WELT AM SONNTAG: But sometimes you also take a step backwards when you want to make progress. For example, when on the one hand women are permitted to drive and then at almost the exact same time the very activists who fought for it are imprisoned.

Khalid: It was not only those seven women and the one man who campaigned for it but hundreds of people in recent years. Almost all of those arrested were released quickly. Unfortunately, there is a tiny number of campaigners who are accused of working with foreign agents to destabilise the country. They are still in detention. We are serious about change. But we are a country in a fragile region, at a precarious time.

Saddam Hussein used to be the undisputed regent in the Middle East. Where is he today? Bashar al-Assad’s rule over Syria was once considered absolutely unshakable. What is his country like today? We, unlike the others, have been around since 1932. For almost 90 years. This makes us one of the countries with the most stable political systems in the world. And bear in mind that oil wealth did not come until the 1970s. So we must have done something right.

WELT AM SONNTAG: The new US sanctions against Iran, which your country supports, have come into force in recent days. Europe takes a critical stance on this. What do you think Europeans have not understood?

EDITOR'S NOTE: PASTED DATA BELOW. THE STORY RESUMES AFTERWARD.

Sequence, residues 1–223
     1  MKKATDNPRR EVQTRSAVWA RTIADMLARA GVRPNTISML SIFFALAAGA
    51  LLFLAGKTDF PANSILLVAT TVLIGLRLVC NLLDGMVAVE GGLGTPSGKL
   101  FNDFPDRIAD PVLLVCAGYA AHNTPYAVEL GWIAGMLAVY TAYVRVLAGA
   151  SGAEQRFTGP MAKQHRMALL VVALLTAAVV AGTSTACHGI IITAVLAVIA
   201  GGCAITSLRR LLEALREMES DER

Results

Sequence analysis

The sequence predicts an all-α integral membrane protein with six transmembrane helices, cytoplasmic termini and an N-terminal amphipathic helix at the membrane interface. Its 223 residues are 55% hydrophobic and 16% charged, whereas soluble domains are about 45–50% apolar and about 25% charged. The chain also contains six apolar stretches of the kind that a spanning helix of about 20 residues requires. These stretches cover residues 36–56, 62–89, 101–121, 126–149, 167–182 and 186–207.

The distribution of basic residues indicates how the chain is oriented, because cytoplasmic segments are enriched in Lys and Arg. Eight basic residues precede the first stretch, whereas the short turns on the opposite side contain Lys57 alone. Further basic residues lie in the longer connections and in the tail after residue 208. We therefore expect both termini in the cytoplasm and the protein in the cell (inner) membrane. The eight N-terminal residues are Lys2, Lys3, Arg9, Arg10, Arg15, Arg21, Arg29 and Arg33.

Khalid: That’s what I would like to know, too. We see Iran as an existential threat to the region. Iran’s military activities extend as far as Lebanon, Yemen and Syria. The problem is not some Persian-Arab rivalry. It is precisely the current government of Iran. Before it came to power, we had no problems with each other. The country’s leadership is concerned with destabilisation and exerting influence, including in Europe.

WELT AM SONNTAG: In the course of this confrontation, some observers see closer relations between Saudi Arabia and Israel. What could this mean for the Palestinians?

Khalid: Many people observe many things. Some things correspond to reality, others don’t. We absolutely support the Palestinians. Whatever is right for them is right for us. Of course, Israel is a reality, like it or not. The state exists. Will we one day have diplomatic relations with that state? That’s up to the Palestinians alone to decide. If it’s not the right thing for them, it’s not the right thing for us.

Translation from German by Myfanwy Craigie and Laura King